Delayed myonuclear addition, myofiber hypertrophy, and increases in strength with high-frequency low-load blood flow restricted training to volitional failure.J Appl Physiol (1985). 2019 03 01; 126(3):578-592.JA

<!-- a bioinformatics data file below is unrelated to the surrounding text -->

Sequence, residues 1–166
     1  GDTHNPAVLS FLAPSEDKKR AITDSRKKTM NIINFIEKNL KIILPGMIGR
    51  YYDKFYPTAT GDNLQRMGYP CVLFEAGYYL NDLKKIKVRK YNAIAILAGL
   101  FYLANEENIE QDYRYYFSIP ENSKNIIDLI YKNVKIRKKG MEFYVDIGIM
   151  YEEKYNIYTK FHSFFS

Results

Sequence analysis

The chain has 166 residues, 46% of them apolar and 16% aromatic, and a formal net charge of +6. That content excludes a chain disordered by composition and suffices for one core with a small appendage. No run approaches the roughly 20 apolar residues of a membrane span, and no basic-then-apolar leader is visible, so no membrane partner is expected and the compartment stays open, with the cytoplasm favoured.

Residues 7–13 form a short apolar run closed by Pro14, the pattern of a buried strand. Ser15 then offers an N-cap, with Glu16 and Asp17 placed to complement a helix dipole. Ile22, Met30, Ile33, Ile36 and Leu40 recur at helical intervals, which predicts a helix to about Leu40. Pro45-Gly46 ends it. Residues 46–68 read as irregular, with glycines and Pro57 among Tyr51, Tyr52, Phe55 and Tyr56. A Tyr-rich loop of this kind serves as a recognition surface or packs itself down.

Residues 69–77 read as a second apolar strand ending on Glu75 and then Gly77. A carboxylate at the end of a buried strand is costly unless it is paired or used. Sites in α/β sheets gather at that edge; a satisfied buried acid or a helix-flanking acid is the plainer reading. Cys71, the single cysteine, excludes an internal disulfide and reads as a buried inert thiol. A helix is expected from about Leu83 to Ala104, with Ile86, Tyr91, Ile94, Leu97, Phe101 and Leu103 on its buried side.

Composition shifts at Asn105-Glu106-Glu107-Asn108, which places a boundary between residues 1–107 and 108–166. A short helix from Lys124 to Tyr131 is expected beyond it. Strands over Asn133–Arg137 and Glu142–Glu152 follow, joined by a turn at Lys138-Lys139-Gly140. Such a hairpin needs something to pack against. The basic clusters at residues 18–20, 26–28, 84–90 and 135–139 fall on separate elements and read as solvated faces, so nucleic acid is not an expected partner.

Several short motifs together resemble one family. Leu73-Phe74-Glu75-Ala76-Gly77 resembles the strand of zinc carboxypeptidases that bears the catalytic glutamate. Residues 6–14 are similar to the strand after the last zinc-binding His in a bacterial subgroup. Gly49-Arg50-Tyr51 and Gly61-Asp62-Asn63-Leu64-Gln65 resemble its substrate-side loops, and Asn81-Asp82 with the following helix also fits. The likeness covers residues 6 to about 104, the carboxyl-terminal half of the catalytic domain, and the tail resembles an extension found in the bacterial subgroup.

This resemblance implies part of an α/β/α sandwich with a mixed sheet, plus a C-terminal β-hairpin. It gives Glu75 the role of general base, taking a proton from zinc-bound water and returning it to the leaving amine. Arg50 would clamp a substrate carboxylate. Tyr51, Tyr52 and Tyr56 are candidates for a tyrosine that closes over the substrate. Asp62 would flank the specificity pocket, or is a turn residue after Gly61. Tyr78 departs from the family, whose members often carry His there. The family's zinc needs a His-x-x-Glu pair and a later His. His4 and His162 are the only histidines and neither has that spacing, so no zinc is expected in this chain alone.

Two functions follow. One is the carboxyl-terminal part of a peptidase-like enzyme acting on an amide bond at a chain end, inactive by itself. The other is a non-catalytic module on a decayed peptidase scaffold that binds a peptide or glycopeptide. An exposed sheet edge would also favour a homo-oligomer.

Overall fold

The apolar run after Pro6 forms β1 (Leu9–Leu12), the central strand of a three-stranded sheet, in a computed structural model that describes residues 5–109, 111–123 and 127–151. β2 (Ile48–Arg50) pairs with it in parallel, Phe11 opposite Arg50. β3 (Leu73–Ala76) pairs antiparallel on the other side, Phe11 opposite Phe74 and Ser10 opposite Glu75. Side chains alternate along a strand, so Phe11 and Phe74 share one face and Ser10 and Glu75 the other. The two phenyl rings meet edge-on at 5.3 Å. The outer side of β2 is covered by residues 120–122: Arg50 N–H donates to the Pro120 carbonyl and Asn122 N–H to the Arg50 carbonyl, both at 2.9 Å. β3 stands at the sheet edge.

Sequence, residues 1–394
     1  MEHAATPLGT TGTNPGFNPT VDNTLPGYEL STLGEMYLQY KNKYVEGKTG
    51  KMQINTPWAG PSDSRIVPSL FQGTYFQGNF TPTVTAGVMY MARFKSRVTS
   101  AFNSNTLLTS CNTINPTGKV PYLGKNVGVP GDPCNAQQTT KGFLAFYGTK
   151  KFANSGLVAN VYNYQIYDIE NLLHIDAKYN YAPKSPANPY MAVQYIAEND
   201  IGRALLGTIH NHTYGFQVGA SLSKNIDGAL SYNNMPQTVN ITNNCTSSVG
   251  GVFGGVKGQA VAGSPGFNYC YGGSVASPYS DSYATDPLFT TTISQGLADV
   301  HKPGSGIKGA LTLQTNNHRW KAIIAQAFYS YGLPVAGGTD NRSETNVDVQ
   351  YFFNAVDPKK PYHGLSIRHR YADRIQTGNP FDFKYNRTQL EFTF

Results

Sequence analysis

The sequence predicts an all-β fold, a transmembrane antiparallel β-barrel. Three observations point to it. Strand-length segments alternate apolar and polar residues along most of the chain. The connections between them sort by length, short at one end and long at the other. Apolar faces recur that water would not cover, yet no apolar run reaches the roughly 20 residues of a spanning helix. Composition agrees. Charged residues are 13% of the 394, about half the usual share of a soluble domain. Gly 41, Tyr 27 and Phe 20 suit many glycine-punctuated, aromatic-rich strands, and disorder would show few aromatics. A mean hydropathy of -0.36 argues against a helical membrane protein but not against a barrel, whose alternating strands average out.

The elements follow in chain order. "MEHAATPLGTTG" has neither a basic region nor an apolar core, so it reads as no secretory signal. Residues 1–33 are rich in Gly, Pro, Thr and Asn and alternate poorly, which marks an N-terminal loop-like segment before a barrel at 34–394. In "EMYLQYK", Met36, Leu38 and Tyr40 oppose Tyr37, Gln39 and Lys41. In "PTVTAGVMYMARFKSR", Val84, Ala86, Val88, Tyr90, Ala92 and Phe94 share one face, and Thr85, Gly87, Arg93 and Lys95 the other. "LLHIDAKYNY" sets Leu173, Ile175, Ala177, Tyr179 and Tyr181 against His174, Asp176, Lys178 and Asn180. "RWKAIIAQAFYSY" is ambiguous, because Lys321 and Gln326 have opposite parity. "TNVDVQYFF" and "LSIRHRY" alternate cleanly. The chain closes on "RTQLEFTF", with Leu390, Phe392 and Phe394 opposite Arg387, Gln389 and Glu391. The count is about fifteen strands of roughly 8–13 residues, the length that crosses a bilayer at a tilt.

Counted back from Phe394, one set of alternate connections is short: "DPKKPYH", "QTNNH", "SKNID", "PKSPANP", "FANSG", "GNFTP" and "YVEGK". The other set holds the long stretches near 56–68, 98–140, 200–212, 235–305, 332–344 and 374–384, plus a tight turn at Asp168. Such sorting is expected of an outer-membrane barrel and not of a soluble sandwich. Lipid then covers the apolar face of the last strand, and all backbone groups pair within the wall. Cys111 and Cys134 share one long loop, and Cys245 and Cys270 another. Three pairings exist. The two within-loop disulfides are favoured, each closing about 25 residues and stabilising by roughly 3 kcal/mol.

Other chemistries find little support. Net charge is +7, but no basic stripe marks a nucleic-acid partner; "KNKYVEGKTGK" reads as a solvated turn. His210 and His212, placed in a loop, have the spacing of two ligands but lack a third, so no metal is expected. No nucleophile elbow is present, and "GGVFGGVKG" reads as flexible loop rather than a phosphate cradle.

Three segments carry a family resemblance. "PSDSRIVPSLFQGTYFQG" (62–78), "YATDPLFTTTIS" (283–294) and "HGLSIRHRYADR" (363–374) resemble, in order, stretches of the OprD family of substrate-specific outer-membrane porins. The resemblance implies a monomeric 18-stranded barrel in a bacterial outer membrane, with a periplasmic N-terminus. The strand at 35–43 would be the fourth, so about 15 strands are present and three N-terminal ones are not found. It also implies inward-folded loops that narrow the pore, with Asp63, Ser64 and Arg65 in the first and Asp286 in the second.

The purpose of the present study was to investigate muscle hypertrophy, strength, and myonuclear and satellite cell (SC) responses to high-frequency blood flow-restricted resistance exercise (BFRRE). Thirteen individuals [24 ± 2 yr (mean ± SD), 9 men] completed two 5-day blocks of 7 BFRRE sessions, separated by a 10-day rest period. Four sets of unilateral knee extensions to voluntary failure at 20% of one repetition maximum (1RM) were conducted with partial blood flow restriction (90-100 mmHg). Muscle samples obtained before, during, 3 days, and 10 days after training were analyzed for muscle fiber area (MFA), myonuclei, SC, and mRNA and miRNA expression. Muscle size was measured by ultrasonography and magnetic resonance imaging and strength with 1RM knee extension. With the first block of BFRRE, SC number increased in both fiber types (70%-80%, P < 0.05), whereas type I and II MFA decreased by 6 ± 7% and 15 ± 11% (P < 0.05), respectively. With the second block of training, muscle size increased by 6%-8%, whereas the number of SCs (type I: 80 ± 63%, type II: 147 ± 95%), myonuclei (type I: 30 ± 24%, type II: 31 ± 28%), and MFA (type I: 19 ± 19%, type II: 11 ± 19%) peaked 10 days after the second block of BFRRE, whereas strength peaked after 20 days of detraining (6 ± 6%, P < 0.05). Pax7- and p21 mRNA expression were elevated during the intervention, whereas myostatin, IGF1R, MyoD, myogenin, cyclinD1 and -D2 mRNA did not change until 3-10 days postintervention. High-frequency low-load BFRRE induced robust increases in SC, myonuclei, and muscle size but modest strength gains. Intriguingly, the responses were delayed and peaked 10-20 days after the training intervention, indicating overreaching. NEW & NOTEWORTHY In line with previous studies, we demonstrate that high-frequency low-load blood flow-restricted resistance exercise (HF-BFRRE) can elicit robust increases in satellite cell and myonuclei numbers, along with gains in muscle size and strength. However, our results also suggest that these processes can be delayed and that with very strenuous HF-BFRRE, there may even be transient muscle fiber atrophy, presumably because of accumulated stress responses. Our findings have implications for the prescription of BFR exercise.